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Iggy Malmborgi performance „b o n e r“
By and with: Iggy Malmborg.
Technical solutions and dramaturgical support: Maike Lond.
Co-producer: Kanuti Gildi SAAL.
In collaboration with : Baltic Cricle Festival (Helsinki), Inkonst / Works at work (Malmö / Copenhagen).
Premiere: 12.11.2014, Baltic Circle Festival, Helsinki.

The show’s protagonist is Iggy himself, but the performance is seemingly led by three speakers: the first (“the mouth”) introduces the objects, the second (“the writer”) introduces progressions and comments, and the third (“the entertainer”) fills dull moments with Booker T. & The M.G.s’ song “Green Onions”. The speakers give the performance its structure, allowing Iggy to engage in self-analysis. I believe the show lets Iggy do the sort of self-revelations, which other people would find embarrassing and which generally don’t come across as sincere. But like we find out at the end of the show – anything you can’t do yourself can be done by theatre tricks.
The same sentences can be paraphrased in more difficult words in the programme: “The piece highlights a devilish aspect of the solo-format and thrusts it into the foreground.
By creating a game of valuation, a structure authored by Malmborg – the performance maker – using Malmborg – the performer – for its purposes, he is put in a situation that oscillates between controlling and being controlled. Ultimately aiming for a state in which Malmborg is reduced from being a subject that is acting, to becoming an object that is appearing and being watched.” I have to admit I had to read this paragraph a couple of times before I could understood it, although what it all meant I only got after seeing the show. Is it really necessary to scare viewers like this beforehand? I guess some people are fine with this kind of deep talk.
The performance is like a collage that could be divided into three intertwining parts:
The introductions led by the first speaker. The speaker announces, which object would like to speak. Iggy takes the small speaker to the object, which then delivers a monologue about its inner life. The table, the button of the fire alarm, the cable, the thing on the wall, the lamp, the shit tube and the floor all get a turn to speak. Every monologue touches on the object’s function and contemplates that if it wouldn’t meet its function it would be categorized as trash. The monologues are humorous, but at the same time reflect rationality.
Tasks given to Iggy by the second speaker. Throughout the show the speaker assigns Iggy tasks with a set time frame – Iggy has to start crying in front of the audience in four minutes; the crying has been fulfilled when Iggy has shed at least two tears. Blushing – fulfilled when his face, neck and ears are redder than before. An erection (hence the name) – fulfilled when the angle of his penis is at least 45 degrees. Iggy fails in all of the assignments the first time. But later, with some help, he succeeds – the erection is fulfilled with a dose of Viagra; his face becomes red when he blows up some balloons and tears start rolling when he rubs some Vietnamese Balm under his eyes. As always, anything is possible in theatre – when the actor can’t manage, he can turn to tricks to deceive the audience. As the assignments are quite long, the third speaker provides entertainment by playing the undying song “Green Onions”.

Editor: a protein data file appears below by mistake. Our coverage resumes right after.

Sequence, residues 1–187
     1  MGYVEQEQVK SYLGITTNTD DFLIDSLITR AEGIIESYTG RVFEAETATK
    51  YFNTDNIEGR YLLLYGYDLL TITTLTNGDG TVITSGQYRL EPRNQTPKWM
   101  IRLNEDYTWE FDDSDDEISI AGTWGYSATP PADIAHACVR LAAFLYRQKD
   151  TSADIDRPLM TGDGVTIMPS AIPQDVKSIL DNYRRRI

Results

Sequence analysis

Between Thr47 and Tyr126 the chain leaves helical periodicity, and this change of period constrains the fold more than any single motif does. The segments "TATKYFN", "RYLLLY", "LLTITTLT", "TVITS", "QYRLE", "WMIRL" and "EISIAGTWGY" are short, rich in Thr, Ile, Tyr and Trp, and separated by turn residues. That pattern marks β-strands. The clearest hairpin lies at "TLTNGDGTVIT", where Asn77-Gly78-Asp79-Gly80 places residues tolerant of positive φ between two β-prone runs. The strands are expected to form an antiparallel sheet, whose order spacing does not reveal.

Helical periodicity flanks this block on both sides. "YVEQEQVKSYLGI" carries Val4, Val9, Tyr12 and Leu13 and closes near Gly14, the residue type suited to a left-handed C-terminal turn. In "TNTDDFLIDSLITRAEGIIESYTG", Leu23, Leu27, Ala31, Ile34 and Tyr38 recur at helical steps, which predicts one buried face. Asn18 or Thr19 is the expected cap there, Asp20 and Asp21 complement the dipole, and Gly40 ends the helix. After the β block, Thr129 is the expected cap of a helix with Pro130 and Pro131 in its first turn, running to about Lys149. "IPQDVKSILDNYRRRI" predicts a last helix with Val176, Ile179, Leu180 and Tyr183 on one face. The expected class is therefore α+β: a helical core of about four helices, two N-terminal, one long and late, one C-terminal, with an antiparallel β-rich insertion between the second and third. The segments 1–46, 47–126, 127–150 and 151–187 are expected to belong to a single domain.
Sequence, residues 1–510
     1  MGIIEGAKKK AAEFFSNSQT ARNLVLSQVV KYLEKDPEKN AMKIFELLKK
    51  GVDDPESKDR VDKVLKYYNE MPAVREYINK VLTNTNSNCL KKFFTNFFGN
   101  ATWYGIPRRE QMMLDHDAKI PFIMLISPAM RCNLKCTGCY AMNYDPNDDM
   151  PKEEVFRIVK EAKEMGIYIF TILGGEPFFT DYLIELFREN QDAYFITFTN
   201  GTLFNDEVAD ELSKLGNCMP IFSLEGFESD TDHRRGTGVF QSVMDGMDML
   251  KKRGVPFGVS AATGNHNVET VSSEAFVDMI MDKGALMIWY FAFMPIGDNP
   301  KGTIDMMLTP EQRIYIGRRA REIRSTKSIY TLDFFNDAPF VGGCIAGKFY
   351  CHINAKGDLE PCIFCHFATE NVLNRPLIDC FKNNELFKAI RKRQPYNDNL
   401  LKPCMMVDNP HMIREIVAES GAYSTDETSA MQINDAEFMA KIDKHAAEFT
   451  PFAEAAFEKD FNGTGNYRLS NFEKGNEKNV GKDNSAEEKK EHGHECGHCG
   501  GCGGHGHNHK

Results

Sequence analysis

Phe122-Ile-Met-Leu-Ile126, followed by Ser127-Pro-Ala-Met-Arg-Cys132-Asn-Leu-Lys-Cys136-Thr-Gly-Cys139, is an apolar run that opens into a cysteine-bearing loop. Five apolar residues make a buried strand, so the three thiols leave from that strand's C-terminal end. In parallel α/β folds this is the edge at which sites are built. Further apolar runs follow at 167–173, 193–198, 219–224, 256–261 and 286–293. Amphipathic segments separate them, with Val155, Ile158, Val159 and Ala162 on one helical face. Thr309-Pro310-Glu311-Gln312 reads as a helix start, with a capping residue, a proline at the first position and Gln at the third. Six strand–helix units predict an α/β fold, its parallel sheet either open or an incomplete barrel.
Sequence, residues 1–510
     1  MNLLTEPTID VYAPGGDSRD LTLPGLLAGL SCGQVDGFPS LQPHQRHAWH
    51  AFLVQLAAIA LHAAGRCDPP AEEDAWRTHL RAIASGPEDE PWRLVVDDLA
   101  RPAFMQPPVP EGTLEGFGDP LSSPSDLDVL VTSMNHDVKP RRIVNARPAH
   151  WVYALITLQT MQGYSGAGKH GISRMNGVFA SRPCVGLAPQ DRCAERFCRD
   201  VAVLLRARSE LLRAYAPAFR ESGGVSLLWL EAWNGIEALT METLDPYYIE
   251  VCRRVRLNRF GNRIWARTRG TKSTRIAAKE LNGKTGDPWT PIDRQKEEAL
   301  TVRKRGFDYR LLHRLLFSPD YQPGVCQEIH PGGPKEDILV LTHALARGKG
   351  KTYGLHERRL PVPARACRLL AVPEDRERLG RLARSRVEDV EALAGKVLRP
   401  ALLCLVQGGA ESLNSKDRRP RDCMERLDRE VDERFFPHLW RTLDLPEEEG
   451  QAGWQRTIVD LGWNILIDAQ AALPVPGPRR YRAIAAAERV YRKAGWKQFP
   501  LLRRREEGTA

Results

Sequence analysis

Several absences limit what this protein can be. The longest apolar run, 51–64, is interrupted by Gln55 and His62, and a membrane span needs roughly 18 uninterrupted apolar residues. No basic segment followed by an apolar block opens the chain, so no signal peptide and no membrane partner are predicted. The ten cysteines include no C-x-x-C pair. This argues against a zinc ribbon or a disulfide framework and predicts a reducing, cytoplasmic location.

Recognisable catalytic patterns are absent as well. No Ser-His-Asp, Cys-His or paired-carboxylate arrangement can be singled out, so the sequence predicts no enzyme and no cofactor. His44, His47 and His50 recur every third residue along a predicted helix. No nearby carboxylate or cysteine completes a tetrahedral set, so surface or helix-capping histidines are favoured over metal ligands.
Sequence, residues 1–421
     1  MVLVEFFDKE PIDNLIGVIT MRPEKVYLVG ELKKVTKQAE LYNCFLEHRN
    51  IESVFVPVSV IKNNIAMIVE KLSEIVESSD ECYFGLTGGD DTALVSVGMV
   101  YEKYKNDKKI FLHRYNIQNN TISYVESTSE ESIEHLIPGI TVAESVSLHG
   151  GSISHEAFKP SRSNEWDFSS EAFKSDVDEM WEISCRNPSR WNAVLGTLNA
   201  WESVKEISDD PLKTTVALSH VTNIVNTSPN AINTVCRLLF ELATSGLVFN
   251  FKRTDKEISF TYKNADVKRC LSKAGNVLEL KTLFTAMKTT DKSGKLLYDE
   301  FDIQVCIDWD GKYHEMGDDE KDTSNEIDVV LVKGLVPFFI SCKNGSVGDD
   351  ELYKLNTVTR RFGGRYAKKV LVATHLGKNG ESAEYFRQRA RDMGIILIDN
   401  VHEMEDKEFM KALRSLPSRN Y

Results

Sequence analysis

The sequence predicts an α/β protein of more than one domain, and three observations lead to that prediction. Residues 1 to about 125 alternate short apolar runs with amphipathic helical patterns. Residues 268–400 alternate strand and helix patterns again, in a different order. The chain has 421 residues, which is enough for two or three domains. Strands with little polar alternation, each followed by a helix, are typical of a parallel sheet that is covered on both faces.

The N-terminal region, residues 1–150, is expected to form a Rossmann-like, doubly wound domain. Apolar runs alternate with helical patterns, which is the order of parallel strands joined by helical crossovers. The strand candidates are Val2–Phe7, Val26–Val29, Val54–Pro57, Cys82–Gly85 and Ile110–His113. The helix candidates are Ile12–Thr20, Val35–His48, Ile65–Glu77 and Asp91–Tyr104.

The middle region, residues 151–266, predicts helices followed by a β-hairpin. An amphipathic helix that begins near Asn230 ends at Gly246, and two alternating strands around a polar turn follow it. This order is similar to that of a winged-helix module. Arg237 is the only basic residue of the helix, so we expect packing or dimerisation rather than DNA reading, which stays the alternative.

When people enter the theatre hall to find their seats, there are pink Angry Bird notebooks on the chairs. Whether it means something or not, I’m not sure, but it seems something that should be mentioned. Before starting, Iggy explains that the notebooks are there so that viewers could throw ideas on the stage in the middle of the show. And so the third part of the performance is about dissecting ideas hurled on the stage. He mainly envisions how he would make art on the theme given to him – a film about endless provisions of Viagra, a philosophical performance on the analysis of the Marxist worldview etc. It is clear the young man is very imaginative and talented, pouring out humorous solutions, which explode in his head in a matter of instants.
The way he sums the show up at the end is beautiful. In the middle of the show Iggy explains why the lighting is the way it is – big spotlights behind the viewers’ backs directed at him – it is so he wouldn’t see our faces. The anonymity undoubtedly gives the actor a greater confidence in carrying out the challenging tasks. At the end of the show, however, the spotlights are lit up on both sides, the anonymity disappears, but it doesn’t matter anymore, the revelations have been made, he has given everything he had to the audience.